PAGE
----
Info

Sensor signal

Sensor signal

Fig. 2.5 A communications interface

2.6 Control of output devices

In many cases the commands from the computer are used to connect a circuit to earth, via a transistor. Two methods are used; one method is known as 'duty cycle' and the other is known as pulse width modulation. Each of these methods produces a different voltage pattern when the operation of the device is checked with an oscilloscope. The two patterns are shown in Fig. 2.6.

With duty cycle control the transistor that drives the device may be switched on for 100% of the time available, or for a small amount of the time available, for example 30%. The control of the device being operated is thus achieved by the length of the 'on time'. So a duty cycle reading of 50% means that the device, such as a petrol injector or mixture control valve, is switched on for 50% of the available time.

With pulse width control the transistor is switched on and off at fairly high frequency. The use of pulse width modulation (PWM) can reduce the heating effect in the solenoid of the device (injector) that is being operated.

Fig. 2.6(a) Duty cycle control of a mixture control solenoid

1 Current flow pulsed on and off enough to keep hold in winding activated.

2 Peak voltage caused by collapse of the injector coil, when current is reduced.

3 Return to battery (or source) voltage.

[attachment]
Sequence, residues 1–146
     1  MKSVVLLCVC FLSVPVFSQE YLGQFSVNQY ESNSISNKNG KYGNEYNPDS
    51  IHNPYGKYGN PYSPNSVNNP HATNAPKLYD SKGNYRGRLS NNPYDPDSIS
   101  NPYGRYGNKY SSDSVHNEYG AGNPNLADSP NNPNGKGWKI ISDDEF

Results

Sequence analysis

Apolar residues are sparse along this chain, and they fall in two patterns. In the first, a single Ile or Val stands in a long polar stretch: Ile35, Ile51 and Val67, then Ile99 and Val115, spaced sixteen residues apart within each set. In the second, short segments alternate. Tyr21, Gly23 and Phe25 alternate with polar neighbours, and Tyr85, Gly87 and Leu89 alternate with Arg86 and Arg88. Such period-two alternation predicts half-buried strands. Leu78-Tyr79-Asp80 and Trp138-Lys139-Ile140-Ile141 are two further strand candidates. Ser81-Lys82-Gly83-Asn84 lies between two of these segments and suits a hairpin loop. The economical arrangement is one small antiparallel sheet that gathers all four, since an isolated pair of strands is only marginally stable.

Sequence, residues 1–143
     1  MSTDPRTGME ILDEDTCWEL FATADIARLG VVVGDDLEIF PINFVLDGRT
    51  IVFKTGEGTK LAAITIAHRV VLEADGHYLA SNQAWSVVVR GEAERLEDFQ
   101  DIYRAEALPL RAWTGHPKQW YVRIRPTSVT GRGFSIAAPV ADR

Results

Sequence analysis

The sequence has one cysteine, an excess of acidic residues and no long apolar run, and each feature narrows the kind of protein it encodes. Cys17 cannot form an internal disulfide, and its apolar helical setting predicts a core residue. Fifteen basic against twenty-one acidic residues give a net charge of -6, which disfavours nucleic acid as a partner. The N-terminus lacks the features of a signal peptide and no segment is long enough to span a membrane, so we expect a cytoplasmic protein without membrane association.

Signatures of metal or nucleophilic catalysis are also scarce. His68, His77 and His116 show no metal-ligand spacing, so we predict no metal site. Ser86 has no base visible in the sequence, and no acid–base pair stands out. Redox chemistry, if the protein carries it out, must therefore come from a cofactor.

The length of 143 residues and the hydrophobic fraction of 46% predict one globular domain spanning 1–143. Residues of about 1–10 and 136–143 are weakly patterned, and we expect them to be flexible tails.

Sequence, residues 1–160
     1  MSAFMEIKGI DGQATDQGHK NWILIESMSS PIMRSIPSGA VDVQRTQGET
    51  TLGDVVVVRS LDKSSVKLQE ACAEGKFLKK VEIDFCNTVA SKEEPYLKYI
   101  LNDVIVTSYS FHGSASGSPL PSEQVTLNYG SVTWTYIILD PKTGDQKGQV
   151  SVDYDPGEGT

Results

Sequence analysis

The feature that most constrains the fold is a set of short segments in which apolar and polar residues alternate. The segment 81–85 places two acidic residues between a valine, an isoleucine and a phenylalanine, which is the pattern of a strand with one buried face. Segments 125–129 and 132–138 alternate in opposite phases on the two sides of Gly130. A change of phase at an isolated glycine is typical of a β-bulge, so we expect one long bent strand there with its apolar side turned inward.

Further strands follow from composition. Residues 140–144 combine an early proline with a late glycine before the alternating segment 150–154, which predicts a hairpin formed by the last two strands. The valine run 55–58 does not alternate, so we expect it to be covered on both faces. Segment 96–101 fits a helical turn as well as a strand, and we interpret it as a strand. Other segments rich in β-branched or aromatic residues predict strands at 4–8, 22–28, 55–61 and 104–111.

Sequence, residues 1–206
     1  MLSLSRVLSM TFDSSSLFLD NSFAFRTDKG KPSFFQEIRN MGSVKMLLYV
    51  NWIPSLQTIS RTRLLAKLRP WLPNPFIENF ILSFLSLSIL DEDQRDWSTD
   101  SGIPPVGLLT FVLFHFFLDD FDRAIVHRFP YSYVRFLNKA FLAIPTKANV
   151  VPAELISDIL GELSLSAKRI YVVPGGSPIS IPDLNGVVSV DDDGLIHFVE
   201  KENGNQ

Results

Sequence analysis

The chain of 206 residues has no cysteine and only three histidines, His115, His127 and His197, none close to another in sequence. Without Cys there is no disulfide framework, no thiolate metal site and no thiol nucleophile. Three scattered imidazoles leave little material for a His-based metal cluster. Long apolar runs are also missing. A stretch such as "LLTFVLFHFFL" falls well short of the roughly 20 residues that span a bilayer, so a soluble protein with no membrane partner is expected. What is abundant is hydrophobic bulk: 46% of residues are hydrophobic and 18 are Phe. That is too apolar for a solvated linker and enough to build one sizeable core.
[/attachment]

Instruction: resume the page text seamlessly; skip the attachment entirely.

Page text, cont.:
4 Injector ON-time.

5 Driver transistor turns on, pulling the injector pintle away from its seat, starting fuel flow.

6 Battery voltage (or source voltage) supplied to the injector.

Fig. 2.6(b) Pulse width modulation applied to a fuel injector

2.7 Computer memories

The term 'memory chip' derives from the fact that most computer memories are circuits that are made on a silicon chip. Automotive computers use memory chips that are very similar to those used in personal computers. The correct name for a 'chip' is integrated circuit or I/C. A large part of electronic memory is made of transistors and the number of transistors that can be made on a very small piece of silicon runs into millions.

Figure 2.7 shows a memory element known as a D type flip-flop. The D type flip-flop is called a memory device because it has the property that, whatever appears at D, either 0 or 1, will appear at Q when the clock pulse (C) is 1. When

Fig. 2.7 A computer memory element

C goes to 0, Q stops following the D value and holds the value it has when C changed to 0. Q will follow D again when C goes back to 1.

The logic gates shown in this diagram are made up from electronic components such as transistors, and large numbers of them can be made on a single integrated circuit.

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